Every Roman Catholic priest will tell you that all the claims of the Church of Rome stand or fall with the doctrine of the real presence of Christ in the Mass. If the bread and wine used in the Sacrament of the Mass, when consecrated by the priest, are changed in some mysterious way into the body, blood, soul and divinity of our Lord Jesus Christ so that the communicant receiving the bread actually takes into his mouth and eats and digests the body, blood, soul and divinity of our Lord Jesus Christ-if this is true, then the Church of Rome is the true church of Christ and every one of us should be members of it. But if it is false, if it is absolutely opposed to the teaching of the Word of God, then the Church of Rome is an apostate church and every faithful believer should come out of her in order that he might not be held accountable for her sins.
It was because the great reformers of the sixteenth century saw this clearly and were assured in their own hearts that the doctrine of the Church of Rome in regard to the Eucharist or the Mass was absolutely opposed to the Word of God and was not only blasphemous but idolatrous, that they came out in protest against that apostate system and they won for us at tremendous cost of Christian blood the liberty that we now possess. And yet we, unworthy children of such worthy sires, are frittering away our liberty and we are allowing our children to be ensnared again by this evil system from which our fathers escaped with such tremendous effort. (From Ironside’s “The Mass Versus the Lord’s Supper”)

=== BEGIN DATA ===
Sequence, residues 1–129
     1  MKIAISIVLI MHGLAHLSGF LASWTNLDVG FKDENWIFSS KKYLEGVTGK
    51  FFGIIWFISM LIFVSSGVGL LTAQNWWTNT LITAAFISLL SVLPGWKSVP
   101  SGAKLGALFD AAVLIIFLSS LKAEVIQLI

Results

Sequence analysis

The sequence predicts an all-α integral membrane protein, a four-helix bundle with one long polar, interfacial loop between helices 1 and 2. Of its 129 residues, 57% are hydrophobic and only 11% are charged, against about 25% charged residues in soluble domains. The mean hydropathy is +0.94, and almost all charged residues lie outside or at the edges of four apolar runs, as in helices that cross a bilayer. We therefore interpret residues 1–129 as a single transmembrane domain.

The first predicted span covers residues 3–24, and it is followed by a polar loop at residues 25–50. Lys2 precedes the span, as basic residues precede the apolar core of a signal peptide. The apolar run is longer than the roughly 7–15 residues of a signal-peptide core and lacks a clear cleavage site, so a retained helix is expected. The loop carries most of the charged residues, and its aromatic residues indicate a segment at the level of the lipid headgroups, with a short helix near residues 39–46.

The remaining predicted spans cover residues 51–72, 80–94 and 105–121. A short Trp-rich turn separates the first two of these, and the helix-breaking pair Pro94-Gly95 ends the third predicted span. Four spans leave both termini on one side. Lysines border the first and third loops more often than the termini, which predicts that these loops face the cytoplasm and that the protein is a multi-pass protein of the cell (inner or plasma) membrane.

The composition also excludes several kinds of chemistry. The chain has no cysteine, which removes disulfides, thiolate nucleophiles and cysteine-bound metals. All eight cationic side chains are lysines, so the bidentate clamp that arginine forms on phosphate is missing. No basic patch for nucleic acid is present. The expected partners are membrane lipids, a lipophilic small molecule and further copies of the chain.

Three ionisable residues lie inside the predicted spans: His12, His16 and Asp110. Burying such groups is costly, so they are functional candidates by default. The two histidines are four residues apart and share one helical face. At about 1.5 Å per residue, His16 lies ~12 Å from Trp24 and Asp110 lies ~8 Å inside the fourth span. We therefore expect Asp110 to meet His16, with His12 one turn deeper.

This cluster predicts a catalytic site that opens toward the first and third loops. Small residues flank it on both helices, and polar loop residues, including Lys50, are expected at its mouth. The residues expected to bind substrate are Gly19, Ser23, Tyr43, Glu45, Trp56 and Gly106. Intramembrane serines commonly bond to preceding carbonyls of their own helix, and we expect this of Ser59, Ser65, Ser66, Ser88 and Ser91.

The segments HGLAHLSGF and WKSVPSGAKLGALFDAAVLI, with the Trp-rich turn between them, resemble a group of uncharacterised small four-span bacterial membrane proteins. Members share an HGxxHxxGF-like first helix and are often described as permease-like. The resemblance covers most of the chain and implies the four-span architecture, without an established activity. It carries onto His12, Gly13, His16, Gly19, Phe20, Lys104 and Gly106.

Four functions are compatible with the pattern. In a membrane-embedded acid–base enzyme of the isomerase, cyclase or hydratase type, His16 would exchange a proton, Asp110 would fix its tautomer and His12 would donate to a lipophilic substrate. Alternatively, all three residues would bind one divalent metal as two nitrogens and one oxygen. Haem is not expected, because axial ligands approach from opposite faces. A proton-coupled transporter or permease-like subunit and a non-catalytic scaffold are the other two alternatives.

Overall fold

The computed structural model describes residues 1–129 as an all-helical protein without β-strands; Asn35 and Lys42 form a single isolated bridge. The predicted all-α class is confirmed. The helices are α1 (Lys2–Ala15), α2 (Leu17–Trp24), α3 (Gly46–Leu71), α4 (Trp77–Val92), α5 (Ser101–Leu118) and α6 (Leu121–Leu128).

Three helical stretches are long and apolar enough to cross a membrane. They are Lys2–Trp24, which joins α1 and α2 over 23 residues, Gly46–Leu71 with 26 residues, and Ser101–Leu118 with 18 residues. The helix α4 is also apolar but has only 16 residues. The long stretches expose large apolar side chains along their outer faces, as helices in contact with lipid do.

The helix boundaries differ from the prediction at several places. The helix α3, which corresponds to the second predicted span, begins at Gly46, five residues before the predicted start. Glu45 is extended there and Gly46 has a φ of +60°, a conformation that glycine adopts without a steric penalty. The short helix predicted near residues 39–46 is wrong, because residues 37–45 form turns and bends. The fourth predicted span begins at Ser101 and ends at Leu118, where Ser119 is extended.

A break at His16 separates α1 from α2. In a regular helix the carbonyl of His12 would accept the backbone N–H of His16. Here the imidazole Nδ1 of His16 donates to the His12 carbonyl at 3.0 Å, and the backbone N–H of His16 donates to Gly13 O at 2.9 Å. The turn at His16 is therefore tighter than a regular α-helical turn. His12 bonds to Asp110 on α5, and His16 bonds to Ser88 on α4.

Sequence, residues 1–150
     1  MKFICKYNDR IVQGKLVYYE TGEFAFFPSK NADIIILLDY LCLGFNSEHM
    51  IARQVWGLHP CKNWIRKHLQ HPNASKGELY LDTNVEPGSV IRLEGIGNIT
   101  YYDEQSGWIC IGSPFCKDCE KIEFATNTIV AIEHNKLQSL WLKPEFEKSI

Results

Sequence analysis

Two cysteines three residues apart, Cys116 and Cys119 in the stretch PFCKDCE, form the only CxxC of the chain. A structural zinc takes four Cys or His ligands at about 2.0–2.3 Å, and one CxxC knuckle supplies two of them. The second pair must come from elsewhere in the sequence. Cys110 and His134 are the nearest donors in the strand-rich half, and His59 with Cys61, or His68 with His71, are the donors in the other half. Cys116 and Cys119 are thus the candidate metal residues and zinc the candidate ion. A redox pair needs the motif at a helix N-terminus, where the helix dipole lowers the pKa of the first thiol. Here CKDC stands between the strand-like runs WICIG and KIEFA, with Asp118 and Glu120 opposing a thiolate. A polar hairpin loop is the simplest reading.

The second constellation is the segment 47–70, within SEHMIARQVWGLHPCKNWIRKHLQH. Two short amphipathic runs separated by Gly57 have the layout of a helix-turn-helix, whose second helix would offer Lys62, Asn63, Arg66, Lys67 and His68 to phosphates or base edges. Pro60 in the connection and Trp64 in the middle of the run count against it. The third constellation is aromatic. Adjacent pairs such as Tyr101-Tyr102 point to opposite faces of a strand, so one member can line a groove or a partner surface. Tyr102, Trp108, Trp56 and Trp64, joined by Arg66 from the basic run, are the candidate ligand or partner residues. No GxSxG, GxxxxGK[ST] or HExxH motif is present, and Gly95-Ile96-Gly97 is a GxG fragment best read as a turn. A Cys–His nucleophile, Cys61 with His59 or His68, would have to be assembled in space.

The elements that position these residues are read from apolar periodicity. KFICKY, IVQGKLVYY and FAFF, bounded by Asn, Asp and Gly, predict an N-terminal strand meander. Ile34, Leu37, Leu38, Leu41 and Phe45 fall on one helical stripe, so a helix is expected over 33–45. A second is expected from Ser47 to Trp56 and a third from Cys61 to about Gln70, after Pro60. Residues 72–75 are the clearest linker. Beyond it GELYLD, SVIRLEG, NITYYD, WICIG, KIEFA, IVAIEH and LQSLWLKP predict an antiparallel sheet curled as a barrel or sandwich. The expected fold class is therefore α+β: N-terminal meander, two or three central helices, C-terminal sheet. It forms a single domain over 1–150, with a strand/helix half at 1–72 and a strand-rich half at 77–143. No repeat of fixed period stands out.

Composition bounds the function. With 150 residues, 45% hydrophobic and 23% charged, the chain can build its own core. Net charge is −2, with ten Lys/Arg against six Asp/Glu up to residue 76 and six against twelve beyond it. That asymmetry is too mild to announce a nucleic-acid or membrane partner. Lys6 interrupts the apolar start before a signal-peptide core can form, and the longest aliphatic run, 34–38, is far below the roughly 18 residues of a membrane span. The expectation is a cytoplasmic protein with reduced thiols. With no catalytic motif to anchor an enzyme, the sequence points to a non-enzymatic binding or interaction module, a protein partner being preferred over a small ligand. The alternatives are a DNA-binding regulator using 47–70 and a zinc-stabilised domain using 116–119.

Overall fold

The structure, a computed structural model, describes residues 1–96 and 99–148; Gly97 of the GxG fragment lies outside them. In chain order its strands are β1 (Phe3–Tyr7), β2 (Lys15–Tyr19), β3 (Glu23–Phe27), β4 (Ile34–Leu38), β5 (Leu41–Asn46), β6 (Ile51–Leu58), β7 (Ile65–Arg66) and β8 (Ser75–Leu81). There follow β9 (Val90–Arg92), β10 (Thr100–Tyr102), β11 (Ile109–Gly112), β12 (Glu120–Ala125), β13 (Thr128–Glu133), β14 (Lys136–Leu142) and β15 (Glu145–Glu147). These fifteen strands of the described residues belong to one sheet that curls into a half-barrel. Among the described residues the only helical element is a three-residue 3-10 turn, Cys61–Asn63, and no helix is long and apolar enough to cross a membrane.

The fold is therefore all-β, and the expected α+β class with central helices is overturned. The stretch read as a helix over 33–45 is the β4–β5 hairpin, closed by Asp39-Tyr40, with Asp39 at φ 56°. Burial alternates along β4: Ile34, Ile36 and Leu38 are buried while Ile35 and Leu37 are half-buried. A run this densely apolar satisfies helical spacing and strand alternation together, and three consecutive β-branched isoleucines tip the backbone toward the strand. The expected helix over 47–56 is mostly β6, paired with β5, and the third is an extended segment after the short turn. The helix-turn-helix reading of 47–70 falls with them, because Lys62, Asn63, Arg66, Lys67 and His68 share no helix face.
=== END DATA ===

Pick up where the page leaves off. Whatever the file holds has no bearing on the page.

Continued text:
What is happening in the evangelical/Protestant church today is significant and utterly devastating. The contemplative issue has not at all been addressed by Christian leadership but rather the majority of Christian leaders have either embraced it or ignored it. To really understand where this is all going, consider these words by Ray Yungen who is talking about Thomas Merton here:
In a letter to a Sufi [Islamic mystic] Master, Merton disclosed, “My prayer tends very much to what you call fana.” So what is fana? The Dictionary of Mysticism and the Occult defines it as “the act of merging with the Divine Oneness.”